Words by Oli Hulme Photography by Matt and Mortons archive
THE NAMING OF motorcycles usually follows a series of conventions.
There’s the racing links – Bonneville, Le Mans and Montjuic.
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There are names that are supposed to represent the machine and rider’s vision – Dominator, Thunderbolt or Fireblade. And there’s those with seemingly random collections of letters – CB, XS, SS and Z.
As far as we can tell there’s only one motorcycle that is named after its ability to stop. The SF in Laverda 750SF stands for Super Freni, or in English, Super Brakes.
The 750SF’s brakes were a bit special, it has to be said.
Not many manufacturers would have considered that the Grimeca or Ceriani drums used on most of their top end rivals were not good enough and built their own, better, stopper.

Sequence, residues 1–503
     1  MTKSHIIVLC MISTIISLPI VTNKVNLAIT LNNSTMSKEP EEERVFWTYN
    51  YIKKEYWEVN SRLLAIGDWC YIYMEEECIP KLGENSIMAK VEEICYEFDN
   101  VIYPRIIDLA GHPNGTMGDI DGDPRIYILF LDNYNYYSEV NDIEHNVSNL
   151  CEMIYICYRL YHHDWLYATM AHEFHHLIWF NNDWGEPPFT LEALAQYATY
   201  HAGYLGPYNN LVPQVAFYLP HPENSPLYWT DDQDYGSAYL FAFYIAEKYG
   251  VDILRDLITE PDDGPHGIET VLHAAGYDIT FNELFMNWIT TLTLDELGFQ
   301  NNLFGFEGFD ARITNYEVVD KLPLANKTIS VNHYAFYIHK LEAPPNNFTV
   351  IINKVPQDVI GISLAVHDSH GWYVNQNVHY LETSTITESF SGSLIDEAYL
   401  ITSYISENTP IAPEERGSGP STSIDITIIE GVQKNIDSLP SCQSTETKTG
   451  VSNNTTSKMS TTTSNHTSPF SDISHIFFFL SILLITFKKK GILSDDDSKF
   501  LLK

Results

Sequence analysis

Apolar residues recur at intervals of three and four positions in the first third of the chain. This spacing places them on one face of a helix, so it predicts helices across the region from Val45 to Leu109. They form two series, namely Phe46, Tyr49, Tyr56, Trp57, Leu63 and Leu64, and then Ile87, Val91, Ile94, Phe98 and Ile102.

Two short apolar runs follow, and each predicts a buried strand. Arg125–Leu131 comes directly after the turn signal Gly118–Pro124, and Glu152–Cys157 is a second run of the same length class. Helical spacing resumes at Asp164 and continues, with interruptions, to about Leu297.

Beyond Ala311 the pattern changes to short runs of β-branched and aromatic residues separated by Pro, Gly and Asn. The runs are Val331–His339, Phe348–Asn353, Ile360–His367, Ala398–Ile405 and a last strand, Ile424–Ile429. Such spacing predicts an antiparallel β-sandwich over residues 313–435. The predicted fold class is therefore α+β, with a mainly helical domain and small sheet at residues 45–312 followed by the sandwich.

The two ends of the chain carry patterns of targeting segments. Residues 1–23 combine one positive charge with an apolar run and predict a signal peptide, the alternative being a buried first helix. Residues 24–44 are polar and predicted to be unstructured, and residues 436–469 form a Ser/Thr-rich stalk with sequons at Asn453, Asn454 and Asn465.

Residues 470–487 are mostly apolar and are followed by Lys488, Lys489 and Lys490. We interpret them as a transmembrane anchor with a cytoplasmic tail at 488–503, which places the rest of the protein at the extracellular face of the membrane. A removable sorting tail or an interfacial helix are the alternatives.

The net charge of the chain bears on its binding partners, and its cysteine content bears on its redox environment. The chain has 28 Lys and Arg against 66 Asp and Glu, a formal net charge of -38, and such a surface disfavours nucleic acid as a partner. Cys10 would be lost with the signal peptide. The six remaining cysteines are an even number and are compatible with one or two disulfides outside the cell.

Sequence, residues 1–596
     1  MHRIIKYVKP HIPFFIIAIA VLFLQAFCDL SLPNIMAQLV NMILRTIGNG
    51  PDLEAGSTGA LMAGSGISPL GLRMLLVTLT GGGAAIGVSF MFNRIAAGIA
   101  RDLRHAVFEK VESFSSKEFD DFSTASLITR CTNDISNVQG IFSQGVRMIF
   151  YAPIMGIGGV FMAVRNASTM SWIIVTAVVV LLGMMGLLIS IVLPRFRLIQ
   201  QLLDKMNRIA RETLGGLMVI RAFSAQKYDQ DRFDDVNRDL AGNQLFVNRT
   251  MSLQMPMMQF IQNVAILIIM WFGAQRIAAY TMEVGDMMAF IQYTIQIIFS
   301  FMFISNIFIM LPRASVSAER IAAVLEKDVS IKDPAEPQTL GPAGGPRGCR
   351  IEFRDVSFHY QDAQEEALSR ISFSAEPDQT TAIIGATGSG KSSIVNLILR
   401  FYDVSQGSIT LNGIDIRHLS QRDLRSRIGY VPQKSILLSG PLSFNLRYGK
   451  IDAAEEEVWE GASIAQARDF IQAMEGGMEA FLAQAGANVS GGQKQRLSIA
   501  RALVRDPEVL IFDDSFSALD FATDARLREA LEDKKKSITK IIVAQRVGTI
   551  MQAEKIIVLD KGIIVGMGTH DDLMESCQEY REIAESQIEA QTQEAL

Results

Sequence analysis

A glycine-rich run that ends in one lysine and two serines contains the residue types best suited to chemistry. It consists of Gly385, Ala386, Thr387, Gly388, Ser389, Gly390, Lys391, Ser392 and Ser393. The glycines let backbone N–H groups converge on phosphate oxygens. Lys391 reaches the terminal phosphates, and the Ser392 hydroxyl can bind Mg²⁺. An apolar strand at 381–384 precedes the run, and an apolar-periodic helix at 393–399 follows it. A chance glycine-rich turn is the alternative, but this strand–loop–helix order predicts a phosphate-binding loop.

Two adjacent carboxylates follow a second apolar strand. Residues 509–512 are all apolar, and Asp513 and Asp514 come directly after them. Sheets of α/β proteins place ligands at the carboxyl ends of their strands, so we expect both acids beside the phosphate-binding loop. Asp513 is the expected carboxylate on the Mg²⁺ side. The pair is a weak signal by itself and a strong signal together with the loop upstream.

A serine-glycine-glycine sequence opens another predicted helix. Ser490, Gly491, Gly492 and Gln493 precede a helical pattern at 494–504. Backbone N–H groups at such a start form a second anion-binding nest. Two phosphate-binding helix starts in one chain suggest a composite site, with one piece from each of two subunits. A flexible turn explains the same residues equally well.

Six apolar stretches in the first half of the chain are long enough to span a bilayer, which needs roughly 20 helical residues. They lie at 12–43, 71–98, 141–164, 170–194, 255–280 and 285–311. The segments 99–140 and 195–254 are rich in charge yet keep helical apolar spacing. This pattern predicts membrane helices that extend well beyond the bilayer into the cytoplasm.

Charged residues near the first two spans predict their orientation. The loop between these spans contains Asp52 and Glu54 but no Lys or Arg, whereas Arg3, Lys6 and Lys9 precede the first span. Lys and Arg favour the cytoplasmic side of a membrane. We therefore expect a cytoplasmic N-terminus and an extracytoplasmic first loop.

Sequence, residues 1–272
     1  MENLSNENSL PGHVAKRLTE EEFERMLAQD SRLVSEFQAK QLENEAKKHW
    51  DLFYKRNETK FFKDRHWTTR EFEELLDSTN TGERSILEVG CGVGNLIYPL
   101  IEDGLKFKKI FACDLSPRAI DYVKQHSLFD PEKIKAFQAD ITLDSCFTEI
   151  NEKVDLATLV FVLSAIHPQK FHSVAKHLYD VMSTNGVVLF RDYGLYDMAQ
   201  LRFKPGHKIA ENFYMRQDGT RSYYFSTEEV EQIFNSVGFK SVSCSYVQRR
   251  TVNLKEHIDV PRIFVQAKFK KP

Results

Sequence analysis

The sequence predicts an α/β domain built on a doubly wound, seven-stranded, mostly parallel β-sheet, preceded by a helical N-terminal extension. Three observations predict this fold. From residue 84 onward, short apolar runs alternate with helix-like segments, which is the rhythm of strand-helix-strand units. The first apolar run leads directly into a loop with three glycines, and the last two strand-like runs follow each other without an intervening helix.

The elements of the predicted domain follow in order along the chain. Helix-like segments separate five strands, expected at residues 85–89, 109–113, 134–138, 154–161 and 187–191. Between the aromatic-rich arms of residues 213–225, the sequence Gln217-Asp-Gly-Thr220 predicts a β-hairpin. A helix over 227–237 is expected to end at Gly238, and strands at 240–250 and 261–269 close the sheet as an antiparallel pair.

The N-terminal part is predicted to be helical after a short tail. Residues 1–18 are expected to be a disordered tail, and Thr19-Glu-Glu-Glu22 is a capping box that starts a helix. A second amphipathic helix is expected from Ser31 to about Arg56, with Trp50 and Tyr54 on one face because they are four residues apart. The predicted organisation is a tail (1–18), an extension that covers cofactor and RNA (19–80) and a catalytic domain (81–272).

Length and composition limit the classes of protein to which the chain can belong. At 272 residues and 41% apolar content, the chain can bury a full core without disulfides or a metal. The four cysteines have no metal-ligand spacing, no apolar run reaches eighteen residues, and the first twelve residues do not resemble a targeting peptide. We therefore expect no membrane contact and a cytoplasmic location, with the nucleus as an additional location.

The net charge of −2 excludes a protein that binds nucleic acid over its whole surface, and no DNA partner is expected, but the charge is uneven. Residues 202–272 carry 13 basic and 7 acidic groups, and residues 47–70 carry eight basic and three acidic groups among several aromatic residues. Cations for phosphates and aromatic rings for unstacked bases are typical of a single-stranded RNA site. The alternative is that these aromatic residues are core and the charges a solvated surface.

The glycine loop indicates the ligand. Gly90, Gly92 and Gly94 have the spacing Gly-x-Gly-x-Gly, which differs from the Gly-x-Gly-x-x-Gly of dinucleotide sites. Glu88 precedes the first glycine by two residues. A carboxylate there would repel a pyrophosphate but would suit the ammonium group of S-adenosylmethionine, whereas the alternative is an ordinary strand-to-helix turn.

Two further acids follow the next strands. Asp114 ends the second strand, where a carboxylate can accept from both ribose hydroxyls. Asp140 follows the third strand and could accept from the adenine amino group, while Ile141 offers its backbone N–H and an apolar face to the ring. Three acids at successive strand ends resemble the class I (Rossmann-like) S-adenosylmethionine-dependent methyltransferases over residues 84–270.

And then they stuck a marginally smaller in-house TLS brake on the back too, but then that was Laverda all over.
Laverda were, and are, a maker of agricultural machinery, and the separate motorcycle company was set up in 1947 by Francesco Laverda, the grandson of Pietro Laverda, the parent company’s founder.
The early Laverdas were small capacity bikes built to fill the need for personal transport in postwar Italy, but unlike many of their rivals, the Laverdas were built up to a standard, rather than down to a price.
The resulting machines took part in many endurance events.
Read more and view more images in the August 2019 issue of CBG – on sale now!